Is Superman issue 45 an Injustice Not to Pick Up? ~ What'cha Reading?

Is Superman issue 45 an Injustice Not to Pick Up?

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Image via CBR. Cover by John Romita Jr and Klaus Janson.

The last time we sat down with DC Comics ongoing Superman series was this past July with issue 42.  You could find our review here.  It’s not to say that we haven’t been enjoying what writer Gene Luen Yang has been doing with the Man of Steel, or that we haven’t enjoyed John Romita Jr’s approach to the now 77-year-old character.  It’s easy to become backlogged with comics, conventions, and weekly shows so on a quiet Saturday night, Halloween no less, staff writer and resident Superman fan Steven decided to give this current issue a read.  Superman issue 45 released this past week and is available now at local comic book shops.

The character of Superman is in an interesting place right now.  Earlier this year readers and fans watched Clark Kent have his identity as Superman revealed to the world, along with him losing his job at the Daily Planet, and a falling out with Lois Lane, someone we’ve already seen him have a rocky relationship with throughout the New 52.  The current story line running through the pages of Superman, Superman Wonder Woman, and Batman Superman reflect many of the same ideas present within the essential Daredevil story arc “Born Again.”  Superman issue 45, “Street Justice”, opens with Clark recounting all of the moments that led to where he is now, without a job, his Fortress, his cape, “well most of it, anyway”, along with his power.  “Well, most of it, anyway.”  Gene Luen Yang has created an interesting story for Superman; something that has changed the Superman of late that we’ve seen in Geoff Johns short-lived run with the character.

Despite DC’s creative efforts to seemingly build up Superman, they’ve decided to take him back to square one, again, even after the Doomed story arc of last year.  It appears as if people, or the writers, feel that the best Superman is a more depowered and humanized one.  It’s fun watching Yang rebuild the character of Superman, but much like the past Superman story arcs, the story arcs suffer from going on just too long.  HORDR_ROOT and the criminal syndicate HORDR seem more as if they were designed as a means to an end and not so much as a fully realized villain.  They are no Mr. Bloom of Snyder and Capullo’s Batman, that’s for sure.  We are reading under the belief that Vandal Savage is coming so hopefully all of this will pay off to that.

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Superman issue 45 is a fun issue to look at and it also features the debut of artist Howard Porter on the series.  Porter has delivered a great looking issue with some of the most consistent looking characters and pages, something we haven’t necessarily seen in Superman for a while.  He’s only solicited for a few issues and we don’t know who will be taking over.  Howard Porter, along with colorist HI-FI, have created a more assured and confident looking series, but what Superman really needs is a dynamic artist like Greg Capullo.  I don’t mean Capullo himself, although that would be great, but the title needs an artist who will leave it with a definitive stamp.  This is something we have yet to see within the pages of Superman and due to the constant revolving door of talent, the title always feels as if it’s in a state of flux.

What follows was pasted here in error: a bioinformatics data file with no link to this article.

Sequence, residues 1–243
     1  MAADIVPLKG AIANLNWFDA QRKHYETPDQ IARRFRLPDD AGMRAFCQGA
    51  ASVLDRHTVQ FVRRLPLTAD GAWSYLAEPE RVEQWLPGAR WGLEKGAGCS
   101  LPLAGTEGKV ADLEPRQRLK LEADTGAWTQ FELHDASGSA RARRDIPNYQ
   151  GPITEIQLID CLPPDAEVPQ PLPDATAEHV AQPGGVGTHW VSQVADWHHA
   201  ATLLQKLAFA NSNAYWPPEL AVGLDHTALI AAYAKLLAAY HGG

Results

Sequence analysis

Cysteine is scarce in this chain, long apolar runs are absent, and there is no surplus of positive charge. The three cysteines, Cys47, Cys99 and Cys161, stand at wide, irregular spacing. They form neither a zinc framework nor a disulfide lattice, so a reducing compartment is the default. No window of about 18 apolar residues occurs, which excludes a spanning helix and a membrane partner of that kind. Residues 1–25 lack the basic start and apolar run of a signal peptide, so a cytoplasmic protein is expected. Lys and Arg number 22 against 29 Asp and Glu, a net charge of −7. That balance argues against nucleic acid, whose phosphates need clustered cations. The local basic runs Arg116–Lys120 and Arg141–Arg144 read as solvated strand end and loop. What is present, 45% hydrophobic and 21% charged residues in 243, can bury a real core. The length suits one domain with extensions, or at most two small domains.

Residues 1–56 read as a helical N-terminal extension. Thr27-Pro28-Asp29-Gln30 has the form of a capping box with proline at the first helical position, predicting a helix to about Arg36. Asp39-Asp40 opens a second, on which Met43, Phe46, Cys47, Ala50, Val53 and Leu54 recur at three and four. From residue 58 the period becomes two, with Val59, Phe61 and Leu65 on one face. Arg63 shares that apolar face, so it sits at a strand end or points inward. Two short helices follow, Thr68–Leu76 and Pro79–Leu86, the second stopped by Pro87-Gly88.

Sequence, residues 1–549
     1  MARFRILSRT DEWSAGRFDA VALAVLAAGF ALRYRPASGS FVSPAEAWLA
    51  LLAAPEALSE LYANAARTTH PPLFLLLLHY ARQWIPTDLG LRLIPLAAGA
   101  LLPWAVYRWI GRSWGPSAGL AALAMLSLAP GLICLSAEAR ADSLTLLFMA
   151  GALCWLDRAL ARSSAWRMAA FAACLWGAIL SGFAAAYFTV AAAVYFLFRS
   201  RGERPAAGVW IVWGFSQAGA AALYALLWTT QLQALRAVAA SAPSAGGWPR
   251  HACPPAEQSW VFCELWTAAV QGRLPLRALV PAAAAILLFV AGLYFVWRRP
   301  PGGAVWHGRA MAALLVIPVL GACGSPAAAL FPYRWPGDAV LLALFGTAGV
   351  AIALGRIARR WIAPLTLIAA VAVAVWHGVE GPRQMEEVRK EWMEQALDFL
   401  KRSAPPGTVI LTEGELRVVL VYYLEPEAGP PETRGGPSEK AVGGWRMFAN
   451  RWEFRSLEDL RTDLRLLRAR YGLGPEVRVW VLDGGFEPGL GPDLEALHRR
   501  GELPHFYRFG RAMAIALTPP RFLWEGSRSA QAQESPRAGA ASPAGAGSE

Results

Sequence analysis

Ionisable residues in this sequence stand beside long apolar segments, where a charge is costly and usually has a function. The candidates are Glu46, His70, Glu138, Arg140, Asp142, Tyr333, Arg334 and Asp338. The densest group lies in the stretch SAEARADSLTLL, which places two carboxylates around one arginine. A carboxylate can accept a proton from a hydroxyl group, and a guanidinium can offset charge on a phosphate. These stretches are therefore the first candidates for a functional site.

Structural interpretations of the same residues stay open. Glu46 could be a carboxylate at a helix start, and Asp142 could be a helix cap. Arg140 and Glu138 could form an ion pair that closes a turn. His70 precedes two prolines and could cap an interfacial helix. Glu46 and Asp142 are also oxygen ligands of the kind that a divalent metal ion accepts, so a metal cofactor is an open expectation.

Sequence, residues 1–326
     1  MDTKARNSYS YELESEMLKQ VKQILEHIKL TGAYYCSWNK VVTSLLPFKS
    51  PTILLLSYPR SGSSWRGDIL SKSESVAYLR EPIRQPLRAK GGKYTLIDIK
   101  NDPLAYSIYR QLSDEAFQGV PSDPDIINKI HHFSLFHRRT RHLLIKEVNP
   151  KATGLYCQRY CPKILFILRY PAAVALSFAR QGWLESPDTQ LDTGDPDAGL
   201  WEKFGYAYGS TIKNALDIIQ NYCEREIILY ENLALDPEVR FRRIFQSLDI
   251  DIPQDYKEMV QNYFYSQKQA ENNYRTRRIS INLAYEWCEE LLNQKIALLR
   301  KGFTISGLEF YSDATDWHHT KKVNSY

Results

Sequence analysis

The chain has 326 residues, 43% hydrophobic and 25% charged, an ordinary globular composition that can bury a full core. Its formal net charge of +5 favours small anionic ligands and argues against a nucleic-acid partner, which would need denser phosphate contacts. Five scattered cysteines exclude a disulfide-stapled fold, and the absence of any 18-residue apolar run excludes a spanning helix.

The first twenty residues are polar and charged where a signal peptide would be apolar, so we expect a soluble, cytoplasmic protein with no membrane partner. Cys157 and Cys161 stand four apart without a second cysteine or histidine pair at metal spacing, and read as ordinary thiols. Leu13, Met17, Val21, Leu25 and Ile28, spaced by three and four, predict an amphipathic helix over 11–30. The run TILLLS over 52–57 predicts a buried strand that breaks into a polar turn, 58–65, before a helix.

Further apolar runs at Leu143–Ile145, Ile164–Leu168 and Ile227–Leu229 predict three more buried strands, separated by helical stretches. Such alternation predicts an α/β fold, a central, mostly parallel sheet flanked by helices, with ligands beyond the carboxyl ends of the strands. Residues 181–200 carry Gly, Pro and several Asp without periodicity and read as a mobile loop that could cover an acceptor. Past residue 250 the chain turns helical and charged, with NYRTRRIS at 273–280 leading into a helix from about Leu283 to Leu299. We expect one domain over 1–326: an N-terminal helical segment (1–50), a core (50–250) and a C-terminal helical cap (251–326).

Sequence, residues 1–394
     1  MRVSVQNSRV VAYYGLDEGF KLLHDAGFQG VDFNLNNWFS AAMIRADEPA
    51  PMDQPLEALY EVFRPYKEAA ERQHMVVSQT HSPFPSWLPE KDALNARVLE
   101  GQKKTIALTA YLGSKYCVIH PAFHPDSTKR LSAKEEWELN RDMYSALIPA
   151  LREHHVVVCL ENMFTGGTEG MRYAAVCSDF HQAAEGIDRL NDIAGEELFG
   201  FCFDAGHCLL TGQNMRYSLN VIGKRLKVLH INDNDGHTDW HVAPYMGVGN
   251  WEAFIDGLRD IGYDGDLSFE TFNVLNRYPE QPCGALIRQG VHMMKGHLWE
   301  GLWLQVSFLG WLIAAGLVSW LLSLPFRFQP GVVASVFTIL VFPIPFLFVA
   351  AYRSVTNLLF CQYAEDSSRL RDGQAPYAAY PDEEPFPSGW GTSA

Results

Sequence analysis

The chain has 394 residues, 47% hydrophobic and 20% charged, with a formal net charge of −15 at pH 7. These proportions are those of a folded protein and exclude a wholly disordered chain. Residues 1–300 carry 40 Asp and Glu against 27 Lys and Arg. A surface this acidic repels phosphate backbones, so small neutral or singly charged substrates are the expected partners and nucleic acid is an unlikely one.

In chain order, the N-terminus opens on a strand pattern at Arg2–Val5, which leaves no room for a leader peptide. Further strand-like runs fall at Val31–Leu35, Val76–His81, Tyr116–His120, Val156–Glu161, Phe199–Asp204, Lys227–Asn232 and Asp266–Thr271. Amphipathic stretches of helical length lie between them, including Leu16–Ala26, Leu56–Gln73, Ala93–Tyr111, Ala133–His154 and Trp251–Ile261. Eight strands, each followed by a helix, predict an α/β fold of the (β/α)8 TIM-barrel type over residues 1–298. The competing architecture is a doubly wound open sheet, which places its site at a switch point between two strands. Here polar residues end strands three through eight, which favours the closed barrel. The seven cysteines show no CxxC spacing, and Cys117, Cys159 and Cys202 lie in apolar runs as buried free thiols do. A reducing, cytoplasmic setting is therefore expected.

Superman issue 45 is a fun issue to pick up if you like Superman.  Unfortunately, it’s not particularly stunning either.  I would like to point out that there are three particularly fun touches to the book:

  • World’s Finest Cafe & Siegel and Shuster street
  • Clark’s newly introduced penchant for tacos – “How many tacos will $19.65 get me?”
  • Queen Shahrazad and Mythbrawl
  • Superman, still in a t-shirt, but now wearing a makeshift cape and red boots.

Superman issue 45, “Street Justice”, gets three stars.  It’s available in stores now.  To find a local comic shop, click here.

 

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About Author

Mild mannered reporter, Steven Biscotti, has an avid interest in all things comic books, movies, and music (especially pertaining to Coldplay.) Always ready, professional, and on the scene, those closest to him may suspect he's actually from another planet. @ReggieMantleIII

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